Under the present income tax, some advance receipts are neither taxable on receipt nor deductible on repayment, while others are taxable when received and deductible when repaid or paid for. From a purely theoretical perspective, it remains unclear why different sets of rules apply in different cases. For example, if the fact of unrestricted control over the payment compels the conclusion that it is income, then most advance receipts, including loan proceeds, should be included in income immediately. Conversely, if the presence of an offsetting liability compels the conclusion that the payment is not (yet) income, then most advance receipts, including amounts received for future services, should not be taxed unless and until they are secured to the taxpayer without obligation.
This paper argues that confusion in this area stems from a misunderstanding of the role that the income concept plays and should play in guiding the proper rules for advance receipts, and from an inapposite application of consumption and wealth tax concepts in the income tax context. If practical questions of tax administration were not salient, advance payments under the income tax would be included as and when secured to the taxpayer without offsetting obligation, without regard to the time of receipt of the funds. By contrast, under a consumption tax the focus would be on the control and use of funds for personal or non-personal reasons. Control and use, however, do not play a significant role under the income tax.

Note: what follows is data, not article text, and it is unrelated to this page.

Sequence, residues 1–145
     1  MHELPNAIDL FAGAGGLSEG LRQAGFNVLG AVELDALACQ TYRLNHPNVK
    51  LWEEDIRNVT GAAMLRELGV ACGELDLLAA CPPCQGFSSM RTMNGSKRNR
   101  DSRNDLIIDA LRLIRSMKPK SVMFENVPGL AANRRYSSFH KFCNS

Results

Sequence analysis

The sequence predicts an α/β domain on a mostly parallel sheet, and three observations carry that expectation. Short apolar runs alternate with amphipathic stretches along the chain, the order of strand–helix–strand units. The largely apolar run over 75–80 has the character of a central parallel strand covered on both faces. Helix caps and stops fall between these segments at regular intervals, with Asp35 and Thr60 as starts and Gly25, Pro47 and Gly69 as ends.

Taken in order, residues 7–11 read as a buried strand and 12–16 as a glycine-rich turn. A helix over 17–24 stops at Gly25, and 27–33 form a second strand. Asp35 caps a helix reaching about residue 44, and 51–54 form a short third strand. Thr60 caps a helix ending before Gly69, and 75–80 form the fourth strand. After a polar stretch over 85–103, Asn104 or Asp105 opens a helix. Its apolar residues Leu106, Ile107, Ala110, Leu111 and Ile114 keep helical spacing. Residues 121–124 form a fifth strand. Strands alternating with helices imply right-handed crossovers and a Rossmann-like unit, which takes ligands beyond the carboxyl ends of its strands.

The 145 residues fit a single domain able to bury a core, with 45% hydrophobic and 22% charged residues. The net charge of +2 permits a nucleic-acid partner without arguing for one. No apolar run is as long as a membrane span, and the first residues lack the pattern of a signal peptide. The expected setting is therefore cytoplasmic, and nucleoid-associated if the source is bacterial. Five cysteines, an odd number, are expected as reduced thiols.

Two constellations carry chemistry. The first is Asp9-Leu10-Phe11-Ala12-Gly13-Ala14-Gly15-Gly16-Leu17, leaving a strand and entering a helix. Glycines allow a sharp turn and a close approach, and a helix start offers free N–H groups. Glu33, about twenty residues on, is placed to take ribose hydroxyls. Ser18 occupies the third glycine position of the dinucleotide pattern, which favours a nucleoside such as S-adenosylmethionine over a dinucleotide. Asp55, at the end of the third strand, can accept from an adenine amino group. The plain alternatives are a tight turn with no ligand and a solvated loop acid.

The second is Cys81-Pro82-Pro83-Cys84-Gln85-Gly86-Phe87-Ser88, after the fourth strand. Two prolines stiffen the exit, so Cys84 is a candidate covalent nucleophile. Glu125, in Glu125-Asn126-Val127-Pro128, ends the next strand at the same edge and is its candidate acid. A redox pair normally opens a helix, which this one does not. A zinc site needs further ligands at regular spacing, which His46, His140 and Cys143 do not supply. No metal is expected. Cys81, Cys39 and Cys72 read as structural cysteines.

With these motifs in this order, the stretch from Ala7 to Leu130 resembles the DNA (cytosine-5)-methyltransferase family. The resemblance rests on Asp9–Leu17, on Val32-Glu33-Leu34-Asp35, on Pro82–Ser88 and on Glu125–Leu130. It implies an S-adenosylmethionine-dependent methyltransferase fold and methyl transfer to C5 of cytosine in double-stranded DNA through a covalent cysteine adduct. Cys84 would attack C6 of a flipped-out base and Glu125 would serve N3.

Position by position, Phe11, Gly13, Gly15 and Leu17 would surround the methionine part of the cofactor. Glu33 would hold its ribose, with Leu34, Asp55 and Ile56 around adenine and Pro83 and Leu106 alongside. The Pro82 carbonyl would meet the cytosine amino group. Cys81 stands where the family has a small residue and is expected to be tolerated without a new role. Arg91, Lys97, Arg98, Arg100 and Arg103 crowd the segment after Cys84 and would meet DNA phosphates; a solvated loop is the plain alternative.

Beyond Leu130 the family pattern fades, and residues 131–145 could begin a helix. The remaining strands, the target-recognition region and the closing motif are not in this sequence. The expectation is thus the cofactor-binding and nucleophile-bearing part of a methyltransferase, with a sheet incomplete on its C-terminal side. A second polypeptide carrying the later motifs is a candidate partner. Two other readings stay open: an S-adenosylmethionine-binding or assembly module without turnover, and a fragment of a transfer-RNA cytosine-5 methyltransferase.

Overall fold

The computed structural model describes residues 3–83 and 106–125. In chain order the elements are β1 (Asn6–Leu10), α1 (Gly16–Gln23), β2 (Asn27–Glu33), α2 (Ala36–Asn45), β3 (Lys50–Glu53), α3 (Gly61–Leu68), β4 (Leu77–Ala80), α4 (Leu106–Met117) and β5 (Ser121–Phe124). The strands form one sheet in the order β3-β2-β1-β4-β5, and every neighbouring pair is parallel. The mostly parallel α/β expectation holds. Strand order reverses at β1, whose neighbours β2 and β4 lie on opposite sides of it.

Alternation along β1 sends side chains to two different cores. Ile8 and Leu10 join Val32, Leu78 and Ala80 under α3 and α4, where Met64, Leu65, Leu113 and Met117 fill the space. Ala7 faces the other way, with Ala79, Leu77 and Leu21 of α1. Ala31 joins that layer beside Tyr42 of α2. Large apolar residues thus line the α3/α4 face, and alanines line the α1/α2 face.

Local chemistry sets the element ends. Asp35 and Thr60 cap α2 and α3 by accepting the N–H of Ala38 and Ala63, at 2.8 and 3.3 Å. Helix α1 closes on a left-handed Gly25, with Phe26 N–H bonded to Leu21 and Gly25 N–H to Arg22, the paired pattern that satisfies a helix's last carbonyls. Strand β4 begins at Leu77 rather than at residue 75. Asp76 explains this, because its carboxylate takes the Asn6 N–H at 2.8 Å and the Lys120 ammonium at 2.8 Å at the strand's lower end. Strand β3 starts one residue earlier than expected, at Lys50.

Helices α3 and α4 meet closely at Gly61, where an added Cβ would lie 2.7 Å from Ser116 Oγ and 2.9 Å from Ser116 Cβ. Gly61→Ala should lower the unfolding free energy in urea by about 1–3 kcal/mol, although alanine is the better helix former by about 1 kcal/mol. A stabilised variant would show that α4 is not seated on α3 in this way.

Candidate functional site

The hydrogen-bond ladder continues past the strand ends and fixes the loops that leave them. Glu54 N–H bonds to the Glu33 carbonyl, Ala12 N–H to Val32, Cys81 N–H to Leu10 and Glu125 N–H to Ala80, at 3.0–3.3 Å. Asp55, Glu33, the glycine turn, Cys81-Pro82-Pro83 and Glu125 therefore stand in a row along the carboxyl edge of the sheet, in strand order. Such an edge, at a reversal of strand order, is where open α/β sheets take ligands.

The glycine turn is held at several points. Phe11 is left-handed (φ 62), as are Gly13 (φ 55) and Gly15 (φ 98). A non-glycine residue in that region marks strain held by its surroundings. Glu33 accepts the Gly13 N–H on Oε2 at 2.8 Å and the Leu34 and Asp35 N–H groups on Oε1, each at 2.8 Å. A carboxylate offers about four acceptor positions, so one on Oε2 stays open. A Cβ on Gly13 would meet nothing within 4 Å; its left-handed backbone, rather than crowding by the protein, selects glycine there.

The actual rules under the income tax sometimes diverge from those that would apply under a theoretically correct income tax. In most cases, the divergences reflect an appropriate attempt to accommodate the effort to tax true income to the practicalities of tax administration. If it is unlikely the amounts will become true economic income, a general presumption of non-taxation on receipt and non-deduction on return is appropriate, subject to adjustment if the presumption turns out to be false. If it is likely the amounts will become true economic income, the opposite presumption may be appropriate, again subject to adjustment if proved incorrect. Intermediate cases present problems of judgment that must be addressed from the perspective of effective administration of the tax law.
61 Tax L. Rev. 395